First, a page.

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The School For Poetic Computation

For the past 2 weeks, I was a student at the School For Poetic Computation. Equal parts artist-organized-school and artist-in-residency, the School was begun as a way for a small group of students and teachers to work together to explore the intersection of contemporary art with code, physical computing, theory and poetics.

Classes were held in New York City in the former offices of Kickstarter. Previously held in the fall of 2013 for 10 weeks, this was a compact super-intensive 2 week session for 15 students and 4 teachers, along with guest lectures by a variety of artists, creative coders, theorists, and social hackers.

School For Poetic Computation - Photo from

School For Poetic Computation – Photo from

Several years ago, I applied to several traditional MFA programs but ultimately chose not to attend graduate school, wanting to avoid both steep debt and the inflexibility of graduate programs that specialized in a specific sub-niche of art. One of the great things about participating in the School For Poetic Computation was stepping into a community of people that shared my interest in studying the intersections of art and technology and actively working together to experiment, to create art, to have fun with art and code, hardware and computing.

Over two weeks we had a huge amount of classes in: OpenFrameworks, building Mesh Networks, Social Automation with APIs, building a 1-bit computer, an intro to Node.js, scraping websites, how to make a living (!), building physical-digital game controllers, a history of poetry and code, a speculative history of alternative computer history, and lots more. I was impressed with my teachers and fellow learners, and got a lot of energy from what everyone was working on. It was an extremely supportive environment, almost a 21st century Black Mountain College-type experience. Many of my fellow students and I stuck around from 10am until 10pm or later every night as we worked together, ate dumplings, coded, debated, watched youtube videos, talked, taught and soldered long into the night.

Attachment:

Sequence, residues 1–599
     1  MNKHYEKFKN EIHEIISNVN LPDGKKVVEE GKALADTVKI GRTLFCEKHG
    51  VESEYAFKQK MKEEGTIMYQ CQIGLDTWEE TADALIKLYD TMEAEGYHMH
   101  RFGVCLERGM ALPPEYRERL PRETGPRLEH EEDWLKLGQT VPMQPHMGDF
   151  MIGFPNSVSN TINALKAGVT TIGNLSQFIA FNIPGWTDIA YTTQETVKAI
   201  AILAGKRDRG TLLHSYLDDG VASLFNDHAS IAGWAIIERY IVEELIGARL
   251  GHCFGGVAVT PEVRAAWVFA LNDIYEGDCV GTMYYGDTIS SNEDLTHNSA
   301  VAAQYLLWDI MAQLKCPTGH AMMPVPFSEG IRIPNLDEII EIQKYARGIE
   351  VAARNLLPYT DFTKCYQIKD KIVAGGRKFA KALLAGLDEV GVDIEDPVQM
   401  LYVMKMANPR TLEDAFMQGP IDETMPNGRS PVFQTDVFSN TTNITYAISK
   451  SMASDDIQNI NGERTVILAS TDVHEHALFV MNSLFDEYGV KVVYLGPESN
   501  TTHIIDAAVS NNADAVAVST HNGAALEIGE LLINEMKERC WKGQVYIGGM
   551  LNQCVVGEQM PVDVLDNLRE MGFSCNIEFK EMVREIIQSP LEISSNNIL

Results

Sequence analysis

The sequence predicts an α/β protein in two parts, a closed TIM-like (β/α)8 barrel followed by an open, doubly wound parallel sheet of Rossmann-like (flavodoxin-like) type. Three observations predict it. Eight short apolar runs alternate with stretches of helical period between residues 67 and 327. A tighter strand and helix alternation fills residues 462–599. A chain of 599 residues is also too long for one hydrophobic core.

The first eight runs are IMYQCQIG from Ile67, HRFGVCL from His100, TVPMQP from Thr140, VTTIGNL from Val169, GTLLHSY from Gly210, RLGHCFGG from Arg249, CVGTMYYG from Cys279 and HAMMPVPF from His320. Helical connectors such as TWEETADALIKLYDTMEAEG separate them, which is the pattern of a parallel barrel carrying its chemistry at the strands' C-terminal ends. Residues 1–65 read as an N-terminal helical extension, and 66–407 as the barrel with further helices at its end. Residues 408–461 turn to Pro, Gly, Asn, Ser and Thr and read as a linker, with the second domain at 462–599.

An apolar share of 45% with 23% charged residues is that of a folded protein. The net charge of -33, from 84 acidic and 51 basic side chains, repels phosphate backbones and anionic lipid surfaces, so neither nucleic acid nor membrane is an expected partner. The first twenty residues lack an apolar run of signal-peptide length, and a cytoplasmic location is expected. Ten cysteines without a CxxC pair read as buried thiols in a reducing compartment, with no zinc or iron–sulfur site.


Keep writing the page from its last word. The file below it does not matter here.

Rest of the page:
Students were encouraged to develop questions of interest to explore, and many worked on particular projects for their 2 weeks, alone or in groups. My own coding experience is relatively recent, so I decided to concentrate mostly on working in Processing, the visual artist’s programming language and framework built on Java. I created a program I call the Textual Selfie Station, a program that asks the user to type their name in, searches for information about them on google, and then turns on the camera, creating the image of them out of text found in the google search. Working on this program was a huge challenge for me in a great way, and forced me to explore working with APIs, Bash scripting, delving into javascript, scraping websites, using extended libraries, as well as hours and hours of debugging. Throughout the process, the SFPC teachers and my fellow students became my collaborators, helping me numerous times as I got stuck trying to debug, or suggesting ways to improve or adapt my program. The 2-week program culminated in a big presentation and party Sunday evening as we talked about the school and what we explored and showed some of the projects we built and one of my favorite artist/poet/thinkers, Kenneth Goldsmith, gave a really great talk, a preview of a speech he will be giving at the Frieze Art Fair on Thursday.

Textual Selfie Station - Kenneth Goldsmith

A text selfie of poet Kenneth Goldsmith

In returning to Philadelphia, I’m bringing back lots of ideas from SFPC to support and extend our community at The Hacktory. I’m excited to take the techniques and ideas I’ve learned at SFPC to inform our new fellowship and artist-in-residency as they begin this summer. I’m excited to teach classes and workshops in techniques I learned at SFPC. And I’m excited to connect our communities together. As this nascent field of artist-theory-hacker-maker-learners develop further, we have a huge community worldwide, and it will be nice to grow and interact with our friends both online and IRL. -Lee Tusman

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